Last week, I commented on the recently reported “investigation” into lifetime transfers being made by HM Revenue & Customs to get a sense of the accuracy with which lifetime transfers, not otherwise reported as chargeable lifetime transfers over the reporting limits, are taken account of when calculating the inheritance tax due if the transferor dies within seven years of making the transfer.
However, I spent longer considering the proposals to considerably increase the reporting levels for CLTs. The main driver for change is for HMRC to minimise unnecessary paperwork when CLTs are made that will not trigger a liability to tax. With the reporting limits going up, no doubt HMRC will be even more interested in the extent to which otherwise unreported transfers are taken into account when determining IHT on the death of the donor within seven years of making the transfer.
If the proposals were to be enacted as set down, how would CLTs and periodic and exit charges under settlements be affected?
Chargeable lifetime transfers
These will only need to be reported when:
1: The value of the asset, before the deduction of any liabilities, exemptions or reliefs, owned by the donor before the gift – or, if greater, the loss to the estate – is more than 70 per cent of the nil-rate band rounded to the next £5,000 (£210,000 in 2007-08) or
2: The value of the lifetime chargeable transfer is more than 70 per cent of the nil-rate band rounded to the next £5,000 (£210,000 in 2007-08) or
3: The cumulative total of all chargeable transfers made by the donor in the seven years preceding the current transfer, but including that transfer, exceeds 85 per cent of the nil-rate band rounded to the next £5,000 (£255,000 in 2007-08).
John intends to arrange a discounted gift plan based on a discretionary trust with an investment of £260,000. This represents a chargeable transfer of £200,000 after the discount. John has not made any chargeable transfers in the previous seven years.
The chargeable transfer is under £210,000 (condition 2) and the cumulative total is less than £255,000 (condition 3) but a report from John would still be required because the initial sum involved in the gift is £260,000, that is, above the £210,000 threshold (condition 1).
It would appear that if John wants to avoid the reporting requirement, all he need do is arrange the plan in two separate tranches. However, the detailed regulations may close off such an obvious escape route.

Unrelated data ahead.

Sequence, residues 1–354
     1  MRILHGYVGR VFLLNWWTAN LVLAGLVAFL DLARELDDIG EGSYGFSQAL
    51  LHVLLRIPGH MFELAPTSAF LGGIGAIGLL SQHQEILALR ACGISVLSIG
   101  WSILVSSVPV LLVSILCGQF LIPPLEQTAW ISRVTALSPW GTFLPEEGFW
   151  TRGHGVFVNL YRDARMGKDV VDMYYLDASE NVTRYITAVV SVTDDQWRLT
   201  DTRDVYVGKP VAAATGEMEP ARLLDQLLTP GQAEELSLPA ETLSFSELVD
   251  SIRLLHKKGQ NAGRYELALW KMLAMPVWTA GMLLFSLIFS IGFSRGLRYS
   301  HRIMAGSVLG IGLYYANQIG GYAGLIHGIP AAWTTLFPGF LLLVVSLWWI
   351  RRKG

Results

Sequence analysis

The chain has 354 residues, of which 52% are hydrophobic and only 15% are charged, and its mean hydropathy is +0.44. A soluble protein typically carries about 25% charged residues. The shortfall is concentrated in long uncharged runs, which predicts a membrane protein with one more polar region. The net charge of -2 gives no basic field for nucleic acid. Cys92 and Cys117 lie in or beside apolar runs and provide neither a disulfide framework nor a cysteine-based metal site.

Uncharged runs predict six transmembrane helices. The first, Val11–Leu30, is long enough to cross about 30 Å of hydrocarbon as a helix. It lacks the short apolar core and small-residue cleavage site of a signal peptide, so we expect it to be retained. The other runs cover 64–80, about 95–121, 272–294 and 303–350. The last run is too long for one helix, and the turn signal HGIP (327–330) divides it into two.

Periodic and exit charges for relevant property trusts
The rules here are slightly more complex but, broadly speaking, the basis is:
• Periodic charge. No report is required unless:
– The value of the trust property, including non-relevant property and any property transferred out in the previous 10 years, plus
– The chargeable transfers made by the settlor in the seven years before the trust started exceed 70 per cent of the ni-rate band rounded to the next £5,000 (£210,000 in 2007/08).
John decides to go ahead with a plan. At the tenth anniversary, the value of the plan, allowing for the discount, is £153,000. The nil-rate band is then £440,000 and the threshold for reporting is therefore £310,000 (£440,000 x 70 per cent rounded to the next £5,000). An IHT 100 is thus not required.
• Exit charge. If this arises within the first 10 years, the 70 per cent threshold applies to:
– The value, at the date it became part of the settlement, of all the property in the settlement, plus
– The chargeable transfers made by the settlor in the seven years before the trust started.
If the exit charge occurs after the first 10-year anniversary, then no report is required if:
• None was needed at the previous 10-year anniversary, and
• There have been no additions to the trust since then, and
• There is and has been since the last 10-year anniversary no non-relevant property in the trust.
John dies 19 years after the plan is set up and the death benefit, distributed by the trustees on wind up of the trust at the end of year 19, is £700,000. As there was no periodic charge at the previous 10-year anniversary and no additions have been made to the trust, no inheritance tax arises and no report is required.
If the trustees had delayed distribution until year 21, then there would have been a periodic charge at the end of year 20 and an exit charge report subsequently required unless the nilrate band exceeded the value of the trust’s assets at the 20th anniversary, which is unlikely.
HMRC’s proposals will make life much easier but there are still a few pitfalls to watch out for. Until the regulations are in place, it should be borne in mind that the current reporting rules apply. However, for transactions taking place on or after April 6, 2007, the 12-month time limit means the reporting limits should be known before the reporting deadline.
It will be interesting to see if and how these changes might be combined with any other changes that might be proposed as a result of HMRC’s current and ongoing investigations into lifetime transfers.